Howard Terminal Port Priority Use in Jeopardy

On Thursday, June 2, 2022, the Bay Conservation and Development Commission (BCDC) held a public meeting to discuss removing the Howard Terminal’s Port Priority Use designation to make way for the Oakland A’s private real estate development. Unfortunately, BCDC staff recommended the removal of Howard Terminal from Port Priority Use even though there is already a crisis at the Port of Oakland due to lack of ancillary space.

Agricultural stakeholders have come together to make it known that it is imperative for the long-term health and growth of the California agricultural export community that BCDC keep the Seaport Priority Use designation for Howard Terminal. Last week, a broad coalition of agriculture stakeholders sent a letter which fiercely opposes removing Howard Terminal’s Port Priority Use designation.

The letter eloquently sums up these concerns when it says, “In light of current congestion issues at the Port of Oakland, the removal of property which provides us with more transportation options will only make our issues worse and make it harder for us to use the Port of Oakland as our primary export gateway. More specifically, this acreage at the Port of Oakland is necessary to be retained as a Seaport Priority Use for our farmers now because Howard Terminal is currently a critical staging area supported by the USDA to alleviate current supply chain crisis impacts on American exporters and in the future to ensure that Oakland exporters can grow with the economy.”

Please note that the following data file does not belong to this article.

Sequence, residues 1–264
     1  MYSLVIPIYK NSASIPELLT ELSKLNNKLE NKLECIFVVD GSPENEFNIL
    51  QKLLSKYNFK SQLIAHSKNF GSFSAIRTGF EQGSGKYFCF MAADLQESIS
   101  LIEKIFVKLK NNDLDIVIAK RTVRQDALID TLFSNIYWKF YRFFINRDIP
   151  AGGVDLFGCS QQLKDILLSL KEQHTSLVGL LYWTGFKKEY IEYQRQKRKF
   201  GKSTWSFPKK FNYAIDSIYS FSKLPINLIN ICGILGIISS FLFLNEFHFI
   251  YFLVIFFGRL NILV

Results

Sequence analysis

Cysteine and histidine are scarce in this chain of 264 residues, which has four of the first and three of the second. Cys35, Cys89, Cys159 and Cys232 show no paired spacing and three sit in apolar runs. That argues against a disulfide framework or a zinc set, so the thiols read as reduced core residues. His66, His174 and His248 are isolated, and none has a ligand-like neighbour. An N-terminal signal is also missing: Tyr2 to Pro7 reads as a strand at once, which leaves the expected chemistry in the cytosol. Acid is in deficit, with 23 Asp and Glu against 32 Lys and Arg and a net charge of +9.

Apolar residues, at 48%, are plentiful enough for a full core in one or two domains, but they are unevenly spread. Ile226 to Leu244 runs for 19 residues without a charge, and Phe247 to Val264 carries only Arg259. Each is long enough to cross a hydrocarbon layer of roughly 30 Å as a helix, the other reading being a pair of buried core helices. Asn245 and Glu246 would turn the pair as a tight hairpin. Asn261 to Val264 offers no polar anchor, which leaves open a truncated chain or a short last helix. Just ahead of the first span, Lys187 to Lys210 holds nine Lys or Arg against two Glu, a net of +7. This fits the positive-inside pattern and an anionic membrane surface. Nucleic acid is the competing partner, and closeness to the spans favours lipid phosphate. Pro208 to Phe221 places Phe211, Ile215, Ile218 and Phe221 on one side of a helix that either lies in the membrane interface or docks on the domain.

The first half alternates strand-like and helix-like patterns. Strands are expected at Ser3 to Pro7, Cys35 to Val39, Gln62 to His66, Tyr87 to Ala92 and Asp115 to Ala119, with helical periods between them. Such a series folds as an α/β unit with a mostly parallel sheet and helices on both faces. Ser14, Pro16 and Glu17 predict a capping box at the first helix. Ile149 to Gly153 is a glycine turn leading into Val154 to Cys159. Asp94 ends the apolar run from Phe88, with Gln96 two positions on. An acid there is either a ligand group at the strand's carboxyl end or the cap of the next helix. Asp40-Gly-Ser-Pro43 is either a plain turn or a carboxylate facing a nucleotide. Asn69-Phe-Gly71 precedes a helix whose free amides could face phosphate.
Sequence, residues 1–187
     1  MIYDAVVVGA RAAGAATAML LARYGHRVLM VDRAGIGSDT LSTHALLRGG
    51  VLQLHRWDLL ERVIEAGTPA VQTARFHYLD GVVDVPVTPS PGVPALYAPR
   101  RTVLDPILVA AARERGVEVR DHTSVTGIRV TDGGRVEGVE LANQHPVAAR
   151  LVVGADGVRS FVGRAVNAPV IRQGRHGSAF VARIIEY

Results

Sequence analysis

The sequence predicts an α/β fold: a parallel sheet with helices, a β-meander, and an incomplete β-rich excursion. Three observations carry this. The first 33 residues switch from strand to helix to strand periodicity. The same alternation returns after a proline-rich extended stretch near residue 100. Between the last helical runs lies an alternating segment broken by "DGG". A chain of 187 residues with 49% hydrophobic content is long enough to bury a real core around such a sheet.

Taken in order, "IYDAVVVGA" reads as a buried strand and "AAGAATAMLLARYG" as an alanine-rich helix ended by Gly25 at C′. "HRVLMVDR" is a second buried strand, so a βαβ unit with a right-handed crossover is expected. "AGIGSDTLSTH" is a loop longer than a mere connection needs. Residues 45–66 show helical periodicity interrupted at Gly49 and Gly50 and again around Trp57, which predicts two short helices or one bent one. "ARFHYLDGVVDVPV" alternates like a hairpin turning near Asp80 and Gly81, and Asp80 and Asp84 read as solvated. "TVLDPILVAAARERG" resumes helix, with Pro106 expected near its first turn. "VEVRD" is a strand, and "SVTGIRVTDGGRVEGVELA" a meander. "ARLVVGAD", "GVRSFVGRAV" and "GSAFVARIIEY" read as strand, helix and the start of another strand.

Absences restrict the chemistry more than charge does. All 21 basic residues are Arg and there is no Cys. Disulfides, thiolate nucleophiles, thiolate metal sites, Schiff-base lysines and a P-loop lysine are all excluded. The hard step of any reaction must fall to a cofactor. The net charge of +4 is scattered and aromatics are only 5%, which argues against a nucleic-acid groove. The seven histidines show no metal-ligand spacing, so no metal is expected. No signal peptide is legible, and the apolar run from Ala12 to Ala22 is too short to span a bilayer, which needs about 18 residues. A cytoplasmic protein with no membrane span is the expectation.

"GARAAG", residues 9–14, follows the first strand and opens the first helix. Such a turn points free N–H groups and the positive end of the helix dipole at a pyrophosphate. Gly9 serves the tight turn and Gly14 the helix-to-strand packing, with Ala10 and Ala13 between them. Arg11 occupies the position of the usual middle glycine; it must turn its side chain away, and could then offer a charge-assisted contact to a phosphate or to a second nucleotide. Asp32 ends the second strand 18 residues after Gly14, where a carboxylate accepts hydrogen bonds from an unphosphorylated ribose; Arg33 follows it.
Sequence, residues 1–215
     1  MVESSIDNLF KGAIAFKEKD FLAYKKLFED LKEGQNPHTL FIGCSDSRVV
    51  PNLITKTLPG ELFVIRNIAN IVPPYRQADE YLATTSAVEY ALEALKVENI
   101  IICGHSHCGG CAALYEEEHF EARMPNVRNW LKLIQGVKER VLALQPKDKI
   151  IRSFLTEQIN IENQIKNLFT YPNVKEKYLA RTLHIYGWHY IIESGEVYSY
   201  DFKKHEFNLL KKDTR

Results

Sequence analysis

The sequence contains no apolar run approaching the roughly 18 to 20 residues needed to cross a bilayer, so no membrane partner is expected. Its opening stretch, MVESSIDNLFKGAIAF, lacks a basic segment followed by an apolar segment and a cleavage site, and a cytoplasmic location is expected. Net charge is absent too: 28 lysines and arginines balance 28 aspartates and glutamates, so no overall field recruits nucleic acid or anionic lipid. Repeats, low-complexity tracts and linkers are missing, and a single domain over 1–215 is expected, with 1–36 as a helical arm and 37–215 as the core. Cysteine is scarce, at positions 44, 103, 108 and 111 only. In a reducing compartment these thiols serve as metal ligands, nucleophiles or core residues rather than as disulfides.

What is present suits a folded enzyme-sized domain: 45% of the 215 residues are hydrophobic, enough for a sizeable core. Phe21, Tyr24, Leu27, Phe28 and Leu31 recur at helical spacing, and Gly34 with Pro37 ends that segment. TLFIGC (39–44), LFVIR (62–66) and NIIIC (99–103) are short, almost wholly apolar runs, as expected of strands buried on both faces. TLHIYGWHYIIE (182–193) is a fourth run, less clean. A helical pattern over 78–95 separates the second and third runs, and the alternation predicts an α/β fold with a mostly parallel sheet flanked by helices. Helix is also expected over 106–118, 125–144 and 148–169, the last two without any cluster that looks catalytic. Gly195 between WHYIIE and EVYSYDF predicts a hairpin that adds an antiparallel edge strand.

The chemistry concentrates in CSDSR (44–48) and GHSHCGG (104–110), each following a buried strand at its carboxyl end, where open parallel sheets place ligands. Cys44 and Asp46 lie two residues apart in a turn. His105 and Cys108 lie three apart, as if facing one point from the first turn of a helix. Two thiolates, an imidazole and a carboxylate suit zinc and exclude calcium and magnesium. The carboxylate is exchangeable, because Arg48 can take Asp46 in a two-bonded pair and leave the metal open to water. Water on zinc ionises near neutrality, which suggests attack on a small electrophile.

The letter goes on to say, “Moreover, we ask BCDC to reject the narrative that the State of California should develop its policies and planning through 2050 on an assumption that our agricultural export community will perpetually be stuck in a “slow-growth” scenario. We would not be in this business, as it would be unsustainable, if we were to believe that our markets and crops would only be growing at a one percent compounded annual growth rate. As policymakers, this Commission should not be planning on the failure of California’s agricultural community, instead we implore you to plan on our success and our investment in our economy and that means embracing at least a moderate growth scenario.”

For more information about the upcoming public meeting and how to participate, contact CCM Director of State Governmental Affairs Jacob Villagomez at

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